Pike County Illinois GenWeb

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Obituary - William P. Shields - Pike County, Illinois

Barry Adage
Friday, February 12, 1886
Page 5 Column 4

At the close of along and painful sickness, our old and esteemed citizen Wm. P. Shields, passed to his reward last Monday, and he was buried with Masonic honors by Barry lodge, No. 34, of which he was an active member, on Tuesday.

The funeral services were held at the family residence. Rev. J. S. Calhoun officiating, and a large concourse of relatives and friends assembled to pay tribute to the deceased. We regret that we were unable to obtain a fitting obituary for this issue of our paper, but hoe to have one for next week.

Barry Adage
Friday, Feb. 19, 1886
Page 5 Column 4

Wm. P. Shields, an old resident of this county, whose death was mentioned in last week's issue of the Adage, was born Nov. 19, 1815, in Washington county, Pa. While quite young he left his birthplace with his parents to settle in Athens county, Ohio. Here he spent his boyhood days, assisting his father during the summer work on the farm, and attending school during the winter.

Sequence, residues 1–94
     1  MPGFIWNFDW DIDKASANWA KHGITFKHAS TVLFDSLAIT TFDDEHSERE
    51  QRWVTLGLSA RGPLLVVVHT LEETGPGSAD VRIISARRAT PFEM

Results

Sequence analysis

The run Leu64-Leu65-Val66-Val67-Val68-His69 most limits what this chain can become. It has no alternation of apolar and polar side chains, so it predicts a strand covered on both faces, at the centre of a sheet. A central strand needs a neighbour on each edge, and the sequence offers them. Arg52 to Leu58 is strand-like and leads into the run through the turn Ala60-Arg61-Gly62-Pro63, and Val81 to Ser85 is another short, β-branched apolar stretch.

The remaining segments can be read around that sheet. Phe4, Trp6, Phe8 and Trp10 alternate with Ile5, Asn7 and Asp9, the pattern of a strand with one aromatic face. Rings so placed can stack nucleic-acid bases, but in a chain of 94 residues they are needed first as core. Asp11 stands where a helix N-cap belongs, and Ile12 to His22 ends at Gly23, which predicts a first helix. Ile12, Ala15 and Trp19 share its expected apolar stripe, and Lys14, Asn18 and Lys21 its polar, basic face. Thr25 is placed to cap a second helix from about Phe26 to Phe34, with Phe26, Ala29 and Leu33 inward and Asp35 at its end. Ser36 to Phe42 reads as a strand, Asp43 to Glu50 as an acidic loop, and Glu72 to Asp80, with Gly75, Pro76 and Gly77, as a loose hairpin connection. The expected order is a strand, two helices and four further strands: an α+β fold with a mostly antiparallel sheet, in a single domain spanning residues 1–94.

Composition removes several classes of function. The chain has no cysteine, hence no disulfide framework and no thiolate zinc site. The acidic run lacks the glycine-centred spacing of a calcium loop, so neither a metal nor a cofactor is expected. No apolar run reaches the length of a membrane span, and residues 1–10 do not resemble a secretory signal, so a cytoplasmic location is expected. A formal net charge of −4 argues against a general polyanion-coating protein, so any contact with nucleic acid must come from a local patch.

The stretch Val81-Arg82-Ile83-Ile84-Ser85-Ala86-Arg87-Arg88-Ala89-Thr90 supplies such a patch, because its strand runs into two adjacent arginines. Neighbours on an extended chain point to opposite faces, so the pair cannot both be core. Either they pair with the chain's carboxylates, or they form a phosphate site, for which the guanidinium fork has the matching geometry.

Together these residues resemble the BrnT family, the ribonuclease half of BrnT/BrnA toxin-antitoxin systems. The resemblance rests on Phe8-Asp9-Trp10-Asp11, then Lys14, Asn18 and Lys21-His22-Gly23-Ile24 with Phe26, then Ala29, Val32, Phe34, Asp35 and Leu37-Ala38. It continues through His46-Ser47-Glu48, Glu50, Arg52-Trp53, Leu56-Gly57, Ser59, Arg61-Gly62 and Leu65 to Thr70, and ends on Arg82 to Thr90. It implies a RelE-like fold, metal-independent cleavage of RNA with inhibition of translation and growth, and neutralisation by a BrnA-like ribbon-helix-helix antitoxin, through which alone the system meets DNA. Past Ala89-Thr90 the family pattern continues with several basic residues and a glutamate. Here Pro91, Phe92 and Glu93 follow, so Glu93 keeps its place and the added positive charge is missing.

In 1840 at the age of 25, he married Lydia Selby, who yet survives him. In 1843 he came to this State in search of a more western home. Finding a suitable location in Adams county he returned to Ohio for his family. In 1851 he moved from Adams to Pike county, where he lived until his death.

While living in this county he has most of the time been engaged in the milling business. He was a man of strong constitution and remarkably good health until about three years before his death, when his health began to decline.

Of the seven children born to him and wife, five lived to mourn his death. The nearest surviving relatives after his family, are two sisters and a brother. One of the sisters, Mrs. Margaret Selby, living at Golden, Ill., the other, Mrs. Nancy Thompson, at Barry, Ill. The brother, David Shields, resides in Denver, Col.

He died after an illness of ten weeks during which time he suffered in such a way as to render life a burden to him. Although the suffering was almost unbearable, he bore it patiently and without a word of complaint until death brought that relief which is most welcome to all suffering humanity.

Contributed by Becky Hargett